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Bladder Cancer Surgery

Bladder Cancer Surgery - What it is

Bladder cancer is a disease of the urinary bladder where malignant (cancer) cells form in the tissues of the bladder. Bladder cancer is the ninth most common cancer in Singapore men. It is more common in men than women and occurs in older people.

The bladder is a balloon-shaped organ in the lower part of the abdomen. It has a muscular wall that can distend with urine until it is emptied.

Bladder Cancer Surgery - Symptoms

Bladder cancer may present in a variety of ways, including :

  • Blood in the urine (slightly rusty to bright red in color)
  • Frequent urination or urgency
  • Pain during urination
  • Lower back pain

Bladder Cancer Surgery - How to prevent?

Bladder Cancer Surgery - Causes and Risk Factors

Bladder cancer is closely associated with the following risk factors :

  • Contact with certain chemicals that predispose to cancer formation. This may occur through :
    • Occupational contact with aniline dyes in rubber, textile, paint, leather, metal and hair dye
    • Chemotherapy with cyclophosphamide
    • Chronic intake of certain Chinese herbs and painkillers especially phenacetin
    • Smoking
    • Pelvic radiation from untreated bladder stones, long-term indwelling catheter or infection by a specific bladder parasite.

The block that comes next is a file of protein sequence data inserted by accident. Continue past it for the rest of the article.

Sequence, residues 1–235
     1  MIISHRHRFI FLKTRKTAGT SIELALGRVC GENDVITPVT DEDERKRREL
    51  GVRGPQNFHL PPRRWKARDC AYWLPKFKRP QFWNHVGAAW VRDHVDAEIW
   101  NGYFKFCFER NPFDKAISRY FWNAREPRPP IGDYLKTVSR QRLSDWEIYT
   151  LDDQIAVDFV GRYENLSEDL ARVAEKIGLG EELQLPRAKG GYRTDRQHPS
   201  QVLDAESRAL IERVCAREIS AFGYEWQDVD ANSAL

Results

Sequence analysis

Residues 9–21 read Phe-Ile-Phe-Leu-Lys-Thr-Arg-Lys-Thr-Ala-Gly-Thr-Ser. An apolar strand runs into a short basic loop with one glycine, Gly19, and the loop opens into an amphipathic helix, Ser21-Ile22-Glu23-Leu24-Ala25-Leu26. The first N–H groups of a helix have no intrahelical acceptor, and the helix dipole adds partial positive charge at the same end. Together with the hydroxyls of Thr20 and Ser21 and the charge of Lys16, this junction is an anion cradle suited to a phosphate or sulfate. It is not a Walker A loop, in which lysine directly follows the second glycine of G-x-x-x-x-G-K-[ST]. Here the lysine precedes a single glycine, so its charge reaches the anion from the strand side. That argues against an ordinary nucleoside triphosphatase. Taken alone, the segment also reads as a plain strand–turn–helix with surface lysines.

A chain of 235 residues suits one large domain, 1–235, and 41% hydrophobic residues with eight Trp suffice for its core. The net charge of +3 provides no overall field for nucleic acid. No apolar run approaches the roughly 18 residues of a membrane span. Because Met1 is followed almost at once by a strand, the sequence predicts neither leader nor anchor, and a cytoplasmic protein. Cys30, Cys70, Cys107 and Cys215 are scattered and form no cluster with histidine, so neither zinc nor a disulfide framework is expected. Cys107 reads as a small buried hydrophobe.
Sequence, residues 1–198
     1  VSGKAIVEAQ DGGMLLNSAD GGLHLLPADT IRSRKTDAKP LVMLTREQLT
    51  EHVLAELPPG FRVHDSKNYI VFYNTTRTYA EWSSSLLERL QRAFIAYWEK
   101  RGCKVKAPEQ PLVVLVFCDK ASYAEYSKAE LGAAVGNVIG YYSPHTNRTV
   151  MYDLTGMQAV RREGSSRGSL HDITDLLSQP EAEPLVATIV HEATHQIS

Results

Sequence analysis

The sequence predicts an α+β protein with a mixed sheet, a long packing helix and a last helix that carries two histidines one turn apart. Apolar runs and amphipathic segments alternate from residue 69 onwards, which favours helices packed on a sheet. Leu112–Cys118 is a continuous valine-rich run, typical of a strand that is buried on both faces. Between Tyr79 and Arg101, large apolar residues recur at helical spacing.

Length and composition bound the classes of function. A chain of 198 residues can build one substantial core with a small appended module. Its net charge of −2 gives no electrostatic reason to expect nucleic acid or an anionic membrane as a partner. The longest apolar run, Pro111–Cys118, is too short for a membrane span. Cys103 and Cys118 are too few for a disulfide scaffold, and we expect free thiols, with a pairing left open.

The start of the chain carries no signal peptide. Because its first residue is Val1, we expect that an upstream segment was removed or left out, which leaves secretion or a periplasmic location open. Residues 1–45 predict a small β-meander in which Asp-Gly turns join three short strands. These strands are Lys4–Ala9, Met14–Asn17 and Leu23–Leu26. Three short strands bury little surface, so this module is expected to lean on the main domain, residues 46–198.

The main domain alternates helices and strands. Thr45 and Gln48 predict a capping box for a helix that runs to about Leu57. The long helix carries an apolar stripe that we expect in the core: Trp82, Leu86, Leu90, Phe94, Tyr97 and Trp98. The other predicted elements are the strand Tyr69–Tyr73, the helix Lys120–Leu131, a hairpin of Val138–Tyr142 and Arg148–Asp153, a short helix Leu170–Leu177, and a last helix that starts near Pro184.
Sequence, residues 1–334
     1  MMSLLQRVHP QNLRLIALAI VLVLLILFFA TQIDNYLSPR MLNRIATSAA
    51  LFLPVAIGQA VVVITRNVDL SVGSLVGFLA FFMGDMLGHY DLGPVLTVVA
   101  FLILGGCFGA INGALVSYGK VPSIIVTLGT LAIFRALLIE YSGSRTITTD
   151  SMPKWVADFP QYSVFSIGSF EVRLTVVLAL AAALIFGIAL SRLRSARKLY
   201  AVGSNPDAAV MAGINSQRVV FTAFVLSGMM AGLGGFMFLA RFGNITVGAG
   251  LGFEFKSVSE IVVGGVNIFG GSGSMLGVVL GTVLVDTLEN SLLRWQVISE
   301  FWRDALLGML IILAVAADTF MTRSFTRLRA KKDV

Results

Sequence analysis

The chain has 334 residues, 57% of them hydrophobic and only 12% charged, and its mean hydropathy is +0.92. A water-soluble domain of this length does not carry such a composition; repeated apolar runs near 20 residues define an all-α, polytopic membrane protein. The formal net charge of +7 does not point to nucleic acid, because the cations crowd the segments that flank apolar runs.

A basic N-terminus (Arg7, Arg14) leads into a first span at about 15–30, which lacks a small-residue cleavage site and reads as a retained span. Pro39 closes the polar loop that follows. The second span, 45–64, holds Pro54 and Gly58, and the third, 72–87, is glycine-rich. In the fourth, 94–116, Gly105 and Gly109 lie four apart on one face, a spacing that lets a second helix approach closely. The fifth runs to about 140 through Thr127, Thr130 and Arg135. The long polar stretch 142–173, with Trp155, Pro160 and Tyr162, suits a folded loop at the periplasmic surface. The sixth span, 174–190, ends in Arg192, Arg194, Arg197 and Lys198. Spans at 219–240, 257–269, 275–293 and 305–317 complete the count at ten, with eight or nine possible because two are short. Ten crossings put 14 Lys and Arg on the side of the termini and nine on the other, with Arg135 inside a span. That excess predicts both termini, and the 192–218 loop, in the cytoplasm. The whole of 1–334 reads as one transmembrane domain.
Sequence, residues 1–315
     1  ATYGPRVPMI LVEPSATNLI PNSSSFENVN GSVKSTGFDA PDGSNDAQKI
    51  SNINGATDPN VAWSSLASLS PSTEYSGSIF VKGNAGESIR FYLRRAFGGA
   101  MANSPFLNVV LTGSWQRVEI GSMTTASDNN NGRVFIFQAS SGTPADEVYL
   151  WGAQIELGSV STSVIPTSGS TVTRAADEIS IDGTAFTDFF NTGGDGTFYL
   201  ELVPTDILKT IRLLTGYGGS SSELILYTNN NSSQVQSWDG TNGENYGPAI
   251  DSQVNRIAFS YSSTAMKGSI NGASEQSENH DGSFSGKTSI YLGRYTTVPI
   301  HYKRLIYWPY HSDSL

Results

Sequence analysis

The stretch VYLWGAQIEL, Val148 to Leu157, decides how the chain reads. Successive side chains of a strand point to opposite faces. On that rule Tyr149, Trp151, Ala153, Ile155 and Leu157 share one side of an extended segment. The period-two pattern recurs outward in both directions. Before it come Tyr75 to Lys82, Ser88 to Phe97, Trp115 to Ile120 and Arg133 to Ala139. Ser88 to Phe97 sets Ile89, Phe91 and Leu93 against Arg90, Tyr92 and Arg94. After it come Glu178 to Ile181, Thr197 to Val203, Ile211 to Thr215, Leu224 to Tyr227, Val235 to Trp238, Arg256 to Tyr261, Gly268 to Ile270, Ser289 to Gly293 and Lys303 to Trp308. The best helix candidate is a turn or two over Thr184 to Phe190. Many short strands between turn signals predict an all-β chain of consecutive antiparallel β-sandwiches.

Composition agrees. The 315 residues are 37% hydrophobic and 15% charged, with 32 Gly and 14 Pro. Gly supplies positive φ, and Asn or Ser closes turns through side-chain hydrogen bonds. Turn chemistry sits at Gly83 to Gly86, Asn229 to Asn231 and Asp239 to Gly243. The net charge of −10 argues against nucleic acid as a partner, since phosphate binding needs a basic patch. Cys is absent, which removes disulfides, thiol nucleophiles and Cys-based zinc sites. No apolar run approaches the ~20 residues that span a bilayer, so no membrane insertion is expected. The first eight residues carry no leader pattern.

• Chronic bladder inflammation from untreated bladder stones, long-term indwelling catheter or infection by a specific bladder parasite.

    There are three subtypes of bladder cancer :

    • Transitional cell or urothelial carcinoma. Cancer that derives from transitional cells in the innermost tissue layer of the bladder. This is the most common cell type.
    • Squamous cell carcinoma. Cancer that develops from squamous cells, which are thin, flat cells that may form in the bladder after long-term infection or irritation.
    • Adenocarcinoma. Cancer that arises from glandular (secretory) cells that may form in the bladder after long-term irritation and inflammation.

Bladder Cancer Surgery - Diagnosis

Bladder cancer can be diagnosed through the following clinical findings, laboratory and radiological tests :

  • Physical exam. The doctor feels the abdomen and pelvis for tumours and it may include a rectal or vaginal exam.
  • Urine tests. The laboratory checks the urine for blood, cancer cells and other signs of disease.
  • Ultrasound scan. This is a safe and painless test that uses sound waves to create images of organs and structures inside your body. It may be used to diagnose a bladder cancer.
  • CT urogram or intravenous urogram (IVU). For patients with blood in the urine to visualise the whole urinary tract from the kidney to the bladder. A series of x-ray or CT scan images are taken after dye is injected and secreted by the urinary tract.
  • Cystoscopy. A small tube, called a cystoscope, is passed through the opening of the urethra in the penis. It contains a lens and a light system that helps the doctor see the inside of the bladder lining to identify any tumours causing the bleeding. Tissue samples can be obtained from the bladder and sent to test for cancer cells.

Bladder cancer may be divided into :

  • Non-muscle invasive bladder cancer (NMIBC), where the tumours are confi ned to the lining of the bladder, and
  • Muscle invasive bladder cancer, where the tumours have invaded into or beyond the muscular wall of the bladder.

The long-term outcome of bladder cancer depends on :

  • Stage of the cancer, whether it is muscle-invasive or not